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tvgameshows.net
April 14, 2001

       Donna White is part of a breeding ground for game show winners at a Church of Christ-supported college in the small town of Henderson, Tn. In the spring of 2000, Freed-Hardeman University communications major Annie Gordon won a trip to Singapore on The Price Is Right. A year later, FHU's dean of campus life took her turn in the quiz spotlight.
       Donna won $250,000 on Who Wants to Be a Millionaire April 12, 2001, only two nights after the all-time quiz show record was set by Kevin Olmstead. A lifelong information and trivia buff, White took center stage with Regis Philbin and was treated to a huge viewing party in FHU's Loyd Auditorium for her big evening.
       In this exclusive interview with Game Show Convention Center, Donna relates her experiences in New York and a surprising occurrence during her big jackpot question.
     GSCC: As someone who's in the same business as you, Donna, I'll ask the obligatory college freshman question: did you attend Freed-Hardeman as a student and what was your major in college?

     DW:
I did. I graduated in '86 in business management. I worked in Memphis for a while in entry-level jobs. First, I was in the hotel business for a chain of Hampton Inns. Then, I worked for the Seesel's grocery chain.
     In '88, I was hired in Nashville at one of our sister (Church of Christ-supported) schools, David Lipscomb University. I worked there for nine-and-a-half years and started out running the dorms. Then, they moved me into Student Services and they liked what I was doing, so they made me assistant dean of students.
     In June of '97, Freed-Hardeman had an opening for a dean of students and they hired me. I was handling mostly discipline and I did that well---but after a while, you like to see the other side of life. So, in June of last year, I was named dean of campus life and now I handle student activities and a lot more of the fun things of college. I'd been involved in discipline for 12 years, so this was a refreshing change.

     GSCC: You also produce Freed-Hardeman's annual musical revue, "Makin' Music."

     DW:
I love doing it. I sang in it as a student for the five years I was here. It's an FHU tradition. At Lipscomb, I assisted with the annual "Singarama" show for nine years. When I came here, the person who produced "Makin' Music" was leaving, so they said with Donna having all this experience, let's ask her.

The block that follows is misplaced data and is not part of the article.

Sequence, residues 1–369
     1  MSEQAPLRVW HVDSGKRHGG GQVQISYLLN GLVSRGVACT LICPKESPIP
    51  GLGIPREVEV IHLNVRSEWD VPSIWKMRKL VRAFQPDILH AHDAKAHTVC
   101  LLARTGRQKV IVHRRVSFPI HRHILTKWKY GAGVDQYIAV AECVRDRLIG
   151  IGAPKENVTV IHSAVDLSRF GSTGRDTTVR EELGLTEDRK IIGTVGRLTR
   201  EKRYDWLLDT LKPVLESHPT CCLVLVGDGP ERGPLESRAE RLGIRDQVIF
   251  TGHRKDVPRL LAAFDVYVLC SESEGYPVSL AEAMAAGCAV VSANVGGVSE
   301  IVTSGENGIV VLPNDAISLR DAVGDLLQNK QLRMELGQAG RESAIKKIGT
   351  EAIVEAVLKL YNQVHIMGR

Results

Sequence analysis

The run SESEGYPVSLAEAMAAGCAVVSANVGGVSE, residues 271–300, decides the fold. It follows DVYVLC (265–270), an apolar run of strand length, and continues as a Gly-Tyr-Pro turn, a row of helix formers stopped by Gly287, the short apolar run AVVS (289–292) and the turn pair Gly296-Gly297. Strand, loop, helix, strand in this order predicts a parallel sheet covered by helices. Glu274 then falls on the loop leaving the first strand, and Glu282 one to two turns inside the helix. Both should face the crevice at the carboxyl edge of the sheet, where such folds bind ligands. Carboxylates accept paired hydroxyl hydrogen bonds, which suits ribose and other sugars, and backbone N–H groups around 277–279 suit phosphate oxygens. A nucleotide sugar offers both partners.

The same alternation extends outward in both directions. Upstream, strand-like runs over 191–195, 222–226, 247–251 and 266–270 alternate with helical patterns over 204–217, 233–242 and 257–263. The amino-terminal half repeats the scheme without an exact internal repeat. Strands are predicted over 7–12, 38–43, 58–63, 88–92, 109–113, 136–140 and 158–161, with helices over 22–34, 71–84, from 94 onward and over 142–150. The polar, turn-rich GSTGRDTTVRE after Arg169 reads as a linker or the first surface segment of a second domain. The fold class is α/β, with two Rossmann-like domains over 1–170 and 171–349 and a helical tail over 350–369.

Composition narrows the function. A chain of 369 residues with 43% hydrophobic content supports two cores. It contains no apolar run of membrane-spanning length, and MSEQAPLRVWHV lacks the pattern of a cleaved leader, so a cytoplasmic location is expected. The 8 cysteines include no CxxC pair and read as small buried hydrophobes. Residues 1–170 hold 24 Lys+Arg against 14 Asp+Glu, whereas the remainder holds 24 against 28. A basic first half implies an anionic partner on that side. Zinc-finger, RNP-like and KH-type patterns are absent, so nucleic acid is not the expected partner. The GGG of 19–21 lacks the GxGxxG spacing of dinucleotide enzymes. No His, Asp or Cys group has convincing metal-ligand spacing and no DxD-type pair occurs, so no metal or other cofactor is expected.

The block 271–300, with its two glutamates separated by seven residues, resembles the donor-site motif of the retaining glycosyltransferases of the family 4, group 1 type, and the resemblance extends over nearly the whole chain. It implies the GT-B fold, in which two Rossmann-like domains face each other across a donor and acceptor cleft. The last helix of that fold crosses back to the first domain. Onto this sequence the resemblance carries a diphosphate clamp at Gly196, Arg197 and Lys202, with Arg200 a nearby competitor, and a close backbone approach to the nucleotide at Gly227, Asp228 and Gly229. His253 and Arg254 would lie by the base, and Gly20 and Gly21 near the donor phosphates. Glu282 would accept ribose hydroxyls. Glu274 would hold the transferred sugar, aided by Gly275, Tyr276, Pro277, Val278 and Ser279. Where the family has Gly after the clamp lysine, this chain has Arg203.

GSCC: In fact, I hope to show highlights of "Makin' Music" soon on my Sunday afternoon music show. But Donna, how did you develop your thirst for knowledge and trivia?

     DW:
I've loved it all my life. I learned to read with Childcraft encyclopedias. When I got older, I moved up to World Book. I'd find a section which looked interesting and read the whole thing. I had a real knack for history, biology and trivia. I'd learn every jingle I'd hear and sing myself to sleep. My mother said many was the night she'd find me singing about the Pepsi generation. My brother and sister never paid much attention to any of this.

     GSCC: Speaking of mother....you're awfully fortunate to have one who is a banker and can help you take care of that $160,000-or-so you'll have after taxes?

     DW:
Isn't she terrific? She had only flown once before. She said, "I'm just a little lady from Arkansas," but I was thrilled I could give her the opportunity to be with me for this.

     GSCC: Before the big-money shows returned five years ago, how much of a game show fan were you?

     DW:
A big one. I've always loved Jeopardy! and all the classic games. I love Win Ben Stein's Money. He's amazing to see how much he knows. For me, it's the accomplishment of seeing how far you can go. I'd love to have been the first woman to become a millionaire....but if you set out to play the game that way, you'll become more concerned with that than just taking each question as it comes.

     GSCC: How much did you prepare for the show?

     DW:
Almost none. We've been so busy getting ready for an accreditation team at our school that I had to devote most of my attention to that. I did buy an almanac and a world map but I didn't have a chance to really look at them. I took them on the plane but I began to think the chances were so small that I could narrow down what I might be asked, so I decided not to cram for a lot of information that probably wouldn't be there. It's like the ACT (or SAT) test. You can't study for it. You either know it or you don't.

     GSCC: Donna, you were amazingly calm all the way through.

     DW:
I never got nervous. I was blessed with a clear mind. I was worried I might not get a good night's sleep the night before and be a zombie. But it didn't happen. I actually think it helped being there when Kevin Olmstead broke the record. That was exciting, except when Kevin began hyperventilating. We were all worried he was going to fall out of his seat.

     GSCC: But how on earth could you sleep in the Empire International Hotel? When the gang and I went to do 20/20 in January, all I heard all night long was traffic and horns. I bet I didn't sleep three hours.